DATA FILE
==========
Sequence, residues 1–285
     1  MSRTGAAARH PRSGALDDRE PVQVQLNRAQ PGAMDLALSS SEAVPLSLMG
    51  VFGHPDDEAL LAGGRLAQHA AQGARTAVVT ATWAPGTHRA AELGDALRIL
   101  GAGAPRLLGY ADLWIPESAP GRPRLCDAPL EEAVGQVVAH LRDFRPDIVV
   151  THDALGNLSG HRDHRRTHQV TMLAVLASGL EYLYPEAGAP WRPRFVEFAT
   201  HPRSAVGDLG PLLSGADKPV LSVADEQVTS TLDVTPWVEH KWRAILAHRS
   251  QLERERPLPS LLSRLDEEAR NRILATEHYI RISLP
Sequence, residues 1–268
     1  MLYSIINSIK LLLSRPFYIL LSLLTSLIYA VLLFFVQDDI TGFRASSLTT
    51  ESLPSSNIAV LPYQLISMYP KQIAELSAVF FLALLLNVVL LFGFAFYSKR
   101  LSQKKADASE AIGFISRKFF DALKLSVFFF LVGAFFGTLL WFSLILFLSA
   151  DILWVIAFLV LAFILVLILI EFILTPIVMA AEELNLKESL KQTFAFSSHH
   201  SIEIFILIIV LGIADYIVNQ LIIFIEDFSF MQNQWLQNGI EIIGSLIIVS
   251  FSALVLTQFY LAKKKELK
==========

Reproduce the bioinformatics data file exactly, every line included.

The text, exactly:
Sequence, residues 1–285
     1  MSRTGAAARH PRSGALDDRE PVQVQLNRAQ PGAMDLALSS SEAVPLSLMG
    51  VFGHPDDEAL LAGGRLAQHA AQGARTAVVT ATWAPGTHRA AELGDALRIL
   101  GAGAPRLLGY ADLWIPESAP GRPRLCDAPL EEAVGQVVAH LRDFRPDIVV
   151  THDALGNLSG HRDHRRTHQV TMLAVLASGL EYLYPEAGAP WRPRFVEFAT
   201  HPRSAVGDLG PLLSGADKPV LSVADEQVTS TLDVTPWVEH KWRAILAHRS
   251  QLERERPLPS LLSRLDEEAR NRILATEHYI RISLP
Sequence, residues 1–268
     1  MLYSIINSIK LLLSRPFYIL LSLLTSLIYA VLLFFVQDDI TGFRASSLTT
    51  ESLPSSNIAV LPYQLISMYP KQIAELSAVF FLALLLNVVL LFGFAFYSKR
   101  LSQKKADASE AIGFISRKFF DALKLSVFFF LVGAFFGTLL WFSLILFLSA
   151  DILWVIAFLV LAFILVLILI EFILTPIVMA AEELNLKESL KQTFAFSSHH
   201  SIEIFILIIV LGIADYIVNQ LIIFIEDFSF MQNQWLQNGI EIIGSLIIVS
   251  FSALVLTQFY LAKKKELK